~Synthetic/recombinant antigen vaccines - the active part is a synthesized protein or amino acids that mimic antigenic epitopes on a particular virus or bacteria. An example is Hep B vaccine. These are safe but have a short half life, are hard to make, and don't stimulate a significant CTL response.

~Polyvalent/combination vaccines - these reduce the number of injections but not all can be combined because immune response to one component may hinder the response generated to another. There is a combination vaccine with antigens for diphtheria, tetanus, pertussis (acellular vaccine), hep B (recombinant protein), and Haemophilus influenza b (Hib)
When HIV first invades the host through epithelial mucosa, it reaches regional lymph nodes within a few days and then enters the blood stream to travel to many organs. At first it is not detectible because it has entered cells, but products of replication make HIV detectible. p24 can be detected after 1-2 weeks (recombinant peptide ELISA) and antibodies can be detected after 3 (viral lysate ELISA). Its p24 antigen (capsid protein) is detectible but then decreases with seroconversion (when antibodies created targeting it). Antibodies are created to respond to it and other envelope and core antigens, but they are quickly obsolete because of HIV's quick mutation rate. CD8+ T cells are activated and can be detected throughout infection and CD4+ T helper cells stimulate cytokines like IL-2, IFN-gamma, TNF to evoke a multi-cellular cell mediated immunity response. The highest viral load is often 2-3 weeks into infection (and you are most infectious) as immune response tries to catch up.

Acute HIV infection causes decimation of T cells so that MALT is wiped out within the first few weeks from the huge viral load. After this, you may never regain your full T cell levels. While CD4+ levels plummet, HIV antibody and CD8+ cells rise and remain elevated throughout long-term infection. CD4+ levels rise somewhat at the end of acute infection (weeks) as viral load drops with immune system activation. During the asymptomatic period, people reach a viral load set point where viral replication is balanced by the immune response. If untreated, T cell levels fall and viral load increases in an asymptomatic state until the person develops AIDS. AIDS or death is reached in 2-20 years (10year average). (Some are elite non-responders with undetectable viral load even without antivirals. HIV with deleted nef gene leads to low viral load and slow CD4 loss in some). AIDS is the result of HIV-induced loss of pathogen-specific immunity.
Fungal infections are common in AIDS (CD4 < 200), including cryptococcus (causes meningitis and disseminated infection), candida (esophagitis), and Pneumocystis jiroveci pneumonia (PCP - the most common opportunistic infection causing pneumonia). PCP causes shortness of breath, non-productive cough, sometimes fever, hypoxemia (O2 desaturation), and elevated lactate dehydrogenase. On X-ray, the heart often has a wispy rather than crisp border. Bacteria or Septra are used prophylactically in those with CD4 < 200.

Viral infections common with AIDS include Cytomegalovirus (CMV) that causes retinitis, esophagitis, colitis, and affects the CNS. CMV is an enveloped dsDNA virus that most people have been infected with but that becomes reactivated in 80-100% of those with HIV when they have a very low CD4 count (<50). DNA viruses can establish latency and become oncogenic - HHV-8, EBV, HPV, HBV/HCV.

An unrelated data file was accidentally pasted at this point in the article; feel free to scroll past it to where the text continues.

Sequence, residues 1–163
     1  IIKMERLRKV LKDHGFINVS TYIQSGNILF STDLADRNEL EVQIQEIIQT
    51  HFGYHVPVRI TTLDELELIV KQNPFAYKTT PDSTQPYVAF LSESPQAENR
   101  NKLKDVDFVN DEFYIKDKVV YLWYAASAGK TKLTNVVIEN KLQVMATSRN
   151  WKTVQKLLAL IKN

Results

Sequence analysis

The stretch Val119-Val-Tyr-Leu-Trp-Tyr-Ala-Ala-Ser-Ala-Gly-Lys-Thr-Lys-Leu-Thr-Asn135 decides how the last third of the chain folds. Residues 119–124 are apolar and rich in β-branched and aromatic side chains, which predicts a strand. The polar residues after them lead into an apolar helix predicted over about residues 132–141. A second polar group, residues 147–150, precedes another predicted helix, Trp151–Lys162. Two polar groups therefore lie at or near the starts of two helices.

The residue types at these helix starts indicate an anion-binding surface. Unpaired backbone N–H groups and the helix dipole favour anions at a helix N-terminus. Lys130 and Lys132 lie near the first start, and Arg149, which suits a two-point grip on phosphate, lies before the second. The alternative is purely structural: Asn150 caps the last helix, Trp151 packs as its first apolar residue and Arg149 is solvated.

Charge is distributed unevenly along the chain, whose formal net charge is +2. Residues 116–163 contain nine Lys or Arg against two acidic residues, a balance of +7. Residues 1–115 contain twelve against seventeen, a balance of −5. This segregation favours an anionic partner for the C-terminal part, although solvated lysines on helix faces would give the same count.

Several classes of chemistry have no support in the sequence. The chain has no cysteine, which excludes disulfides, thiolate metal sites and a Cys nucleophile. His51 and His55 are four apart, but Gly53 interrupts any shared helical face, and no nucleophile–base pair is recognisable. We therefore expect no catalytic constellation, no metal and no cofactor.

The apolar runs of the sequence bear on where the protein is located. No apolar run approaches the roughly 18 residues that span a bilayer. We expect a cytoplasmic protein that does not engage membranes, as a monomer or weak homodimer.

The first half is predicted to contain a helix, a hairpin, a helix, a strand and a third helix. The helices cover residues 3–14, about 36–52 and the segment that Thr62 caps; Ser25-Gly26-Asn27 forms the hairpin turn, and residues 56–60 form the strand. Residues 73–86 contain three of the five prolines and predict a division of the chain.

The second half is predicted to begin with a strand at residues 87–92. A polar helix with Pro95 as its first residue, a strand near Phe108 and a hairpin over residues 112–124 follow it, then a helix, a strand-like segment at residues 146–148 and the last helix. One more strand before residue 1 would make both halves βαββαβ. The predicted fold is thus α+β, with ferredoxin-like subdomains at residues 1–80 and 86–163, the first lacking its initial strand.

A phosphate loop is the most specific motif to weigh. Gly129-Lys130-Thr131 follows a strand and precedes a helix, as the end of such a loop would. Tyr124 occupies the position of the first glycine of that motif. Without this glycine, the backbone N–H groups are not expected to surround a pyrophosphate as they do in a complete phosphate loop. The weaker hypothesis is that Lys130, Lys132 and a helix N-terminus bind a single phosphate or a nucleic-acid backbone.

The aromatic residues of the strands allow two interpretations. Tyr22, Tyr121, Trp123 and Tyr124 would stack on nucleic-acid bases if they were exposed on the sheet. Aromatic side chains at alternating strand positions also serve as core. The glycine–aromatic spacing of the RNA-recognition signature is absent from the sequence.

Human herpes virus (HHV)-8 is also common and causes Kaposi's sarcoma and primary effusion lymphomas. Kaposi's sarcoma can present in those with a CD4>200 and includes lymphadenopathy and edema and can involve the lungs and GI tract. Cutaneous forms may resolve with immune recovery.

Protozoa that cause infections in AIDS patients include Toxoplasma gondii and Cryptosporidia in the GI tract (causes diarrhea).

Bacterial infections include mycobacterium avium complex. Mycobacterium avium complex involves diffuse infection of multiple organs (GI, spleen, liver, marrow) in those with CD4<100. Symptoms include fevers, night sweats, diarrhea, weight loss, high alkaline phosphatase, and anemia. Diagnosis is done with lysis centrifugation culture. In those with CD4<50 Azithromycin is taken prophylactically.
Diagnostic testing - testing someone based on clinical signs

Targeted testing - testing subpopulations at higher risk

screening - testing all persons in a population. All age 13-64 and those at high risk should be screened.

Opt-out screening - today you must tell patients that you are testing them for HIV and they must decline in writing if they don't want it done.

In the past, western blots and ELISA were used to test for HIV antibody, and HIV culture and HIV DNA/RNA PCR were used to test for the virus. Today, 4th generation HIV immunoassays (Abbott Architect HIV Ag/Ab Combo Assay) are performed that detect antibody and antigen (using p24) with 99.8% specificity and 100% sensitivity in established infection. If the result is positive, you do a differentiation immunoassay (Bio-Rad Multispot HIV-1/HIV-2 Rapid Test) using a rapid enzyme immunoassay that detects/differentiates HIV-1 and HIV-2 antibodies using recombinant and synthetic peptide sequences representing envelope proteins.

Other tests include rapid tests like OraQuick Rapid HIV Ab Test, which can be used at home (has less sensitivity) and get results in 20-40min.

To diagnose HIV in infants, use Qualitative RNA PCR. At 1-2 days old, detects 30-40% of cases, at 2-3 weeks detects >90%, and detects 100% after 4 months of age. HIV ELISA or western blood can also be used after age 18 months. Can't use 4th generation screening tests with <18mo infants with HIV+ mothers because they will have received mom's antibodies and those test don't differentiate between HIV Ab and Ag.